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1949 Nash Ambassador Airflyte Review

1949 Nash Ambassador Airflyte Review

This 1949 Nash Ambassador Airflyte Review is about a quite unique car in that it was a recent barn find, all original and had less than 26,000 miles on the clock.
Enjoy this video and come for a drive in this Nash.

Nash introduced the Ambassador name in 1927, and it continued right through to 1957 when Hudson , who were in dire straights at that time, joined with Nash and formed American Motors Corporation [ AMC].
First used the name Ambassador  in 1927 to distinguish its deluxe trimmed 4 door sedan from its other models, and then on all its upper market cars from 1932 right through to 1957.
Up to when America became involved in WW2 the Nash Ambassador had a straight 8 OHV engine of 322 cub in,  but after the end of WW2 when Nash got back into making cars again the 8cylinder engine was dropped and replaced with a OHV 234.8 cub in 6 cylinder engine that put out 112hp with a 3 speed manual transmission.
Suspension was by coil springs front and rear and Nash claimed it had the smoothest ride in its class of car.  Another feature of Nash was its twin ignition but this ceased in 1942 and engines were all now single spark plug per cylinder,  not 2.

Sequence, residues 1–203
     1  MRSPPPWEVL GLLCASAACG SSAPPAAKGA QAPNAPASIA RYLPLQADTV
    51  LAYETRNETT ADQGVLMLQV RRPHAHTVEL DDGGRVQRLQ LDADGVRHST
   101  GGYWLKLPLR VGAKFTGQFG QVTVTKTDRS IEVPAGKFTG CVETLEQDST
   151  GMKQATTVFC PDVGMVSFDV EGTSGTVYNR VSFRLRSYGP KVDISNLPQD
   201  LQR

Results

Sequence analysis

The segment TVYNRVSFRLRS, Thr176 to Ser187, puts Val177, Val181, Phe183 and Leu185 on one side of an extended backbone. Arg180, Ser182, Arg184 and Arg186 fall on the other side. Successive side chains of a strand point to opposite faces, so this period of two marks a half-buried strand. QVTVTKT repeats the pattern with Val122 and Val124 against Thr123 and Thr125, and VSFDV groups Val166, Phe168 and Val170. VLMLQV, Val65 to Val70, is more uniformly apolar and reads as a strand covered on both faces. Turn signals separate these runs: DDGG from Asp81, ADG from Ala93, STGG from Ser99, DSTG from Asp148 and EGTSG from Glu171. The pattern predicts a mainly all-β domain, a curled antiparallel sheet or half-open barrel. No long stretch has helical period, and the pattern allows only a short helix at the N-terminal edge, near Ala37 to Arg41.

In 1950 Nash was the first non GM company to use the Hydromatic automatic transmission.

George Mason was the President of Nash-Kelvinator and was a keen supporter of aerodynamic design for automobiles, this being obvious with the Airfyte body style.
The enclosed front wheels were unusual and became the standard feature for Nash.
Another feature was the front seat folded down to make the car into a ‘sleeper’, and this created jokes as to what the car could be used for.
In 1950 Nash became the first car manufacturer to sponsor NASCAR, it was often the official pace car at race meetings, and in 1951 won the 150 lap NASCAR Grand National.

Although Hudson didnt join with Nash until 1957, the 1950’s Hudson body profile was reasonably similar to Nash, see this post:

Special thanks to 2stroketurbo for this video.  Screen shots are taken from this video.
Thanks to the source of Nash information :